Tuesday, June 3, 2008

Tomorrow's Oil Market today

Oil closed under $125 barrel today, and it should fall sharply again tomorrow. Here's how I see the action.

At 10:30 am we get the oil inventory numbers, so oil shouldn't sell-off that much overnight. Last week, they showed a drop of 8.8 million barrels of oil. Oil rallied, and then sold off on the news.

Why the drop-off? Because we are heading lower. But here's some anecdotal evidence to consider.

Lloyds MIU, is the best and most comprehensive source of global ship movements in the world. They have an AIS (Automatic Identification System) network that gives you real time data on vessels in over 1,000 ports, and you conduct a search on 120,000 vessels in 2,800 ports around the world.

Remember how oil sold off on the news last Wednesday? Oil speculators have been buying two-month subscriptions of Llyods for $1400 to track oil and shipping vessels. (It pays to know if oil is sitting on a ship in a port.) The two month subscription was set up in part because of the demand by oil speculators.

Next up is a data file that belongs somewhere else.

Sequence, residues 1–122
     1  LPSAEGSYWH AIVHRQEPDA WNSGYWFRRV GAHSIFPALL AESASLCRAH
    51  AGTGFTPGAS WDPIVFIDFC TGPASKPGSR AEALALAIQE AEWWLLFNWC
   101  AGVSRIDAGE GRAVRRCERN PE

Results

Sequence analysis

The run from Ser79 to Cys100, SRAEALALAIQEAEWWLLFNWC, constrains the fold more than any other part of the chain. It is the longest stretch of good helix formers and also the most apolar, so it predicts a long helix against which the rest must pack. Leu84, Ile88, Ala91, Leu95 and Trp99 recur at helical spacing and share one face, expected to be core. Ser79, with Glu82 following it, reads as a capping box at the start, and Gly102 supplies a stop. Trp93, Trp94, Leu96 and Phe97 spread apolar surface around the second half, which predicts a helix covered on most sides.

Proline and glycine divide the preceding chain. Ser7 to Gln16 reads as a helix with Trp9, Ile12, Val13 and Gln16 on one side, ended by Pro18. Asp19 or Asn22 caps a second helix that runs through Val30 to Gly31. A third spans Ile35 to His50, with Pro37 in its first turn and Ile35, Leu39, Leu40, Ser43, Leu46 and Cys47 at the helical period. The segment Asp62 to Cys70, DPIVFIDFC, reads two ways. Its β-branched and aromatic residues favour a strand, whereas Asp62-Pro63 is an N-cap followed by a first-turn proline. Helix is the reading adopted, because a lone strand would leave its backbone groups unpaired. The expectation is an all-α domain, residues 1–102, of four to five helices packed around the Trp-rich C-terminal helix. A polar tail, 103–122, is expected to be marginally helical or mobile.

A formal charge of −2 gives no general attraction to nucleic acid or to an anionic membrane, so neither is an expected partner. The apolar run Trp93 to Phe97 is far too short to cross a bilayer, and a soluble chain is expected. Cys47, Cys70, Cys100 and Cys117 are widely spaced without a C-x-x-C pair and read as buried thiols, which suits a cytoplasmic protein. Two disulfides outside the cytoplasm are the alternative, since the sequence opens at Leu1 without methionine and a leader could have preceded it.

Here's a bit on Llyods:
They offer a subscription to "Vessels" plus AIS for the following subscription periods:
Two Months - $1,400
Four Months - $2,586
Six Months - $3,395
One Year - $6,465

The subscription provides you with access to 120,000 vessels including:
Vessel Movements (latest sighting and destination plus most recent movements)
Vessel Overview with basic characteristics
Casualty and Detentions - up to 10-year history
Best Company Contact
AIS Global Network

If you used this properly, you wouldn't of been taken by surprise by the oil sell-off on the seemingly bullish news of the 8.8 million barrel drawdown in crude. Here's more on that:

The U.S. Energy Department's Energy Information Administration said delays in unloading oil tankers along the Gulf Coast had led to the 8.8 million-barrel drop in crude oil inventories for the week ended May 23. Analysts surveyed by Platts had expected a gain of 750,000 barrels. Usually such a discrepancy would send prices soaring.

A very speculative play on oil cracking is Macroshares Oil Down (DCR 1.30). You can read about that here:

Last Wednesday, it traded as low as .95, and as high as $1.27.

But if you do your homework yourself, and get real time information, then, I suspect, you'll act like the oil speculators who sold down oil last Wednesday on the supposedly bullish news.

They are using real time data. Or at least, they have someone else mining it, so they can concentrate on laying out shorts on crude rallies!

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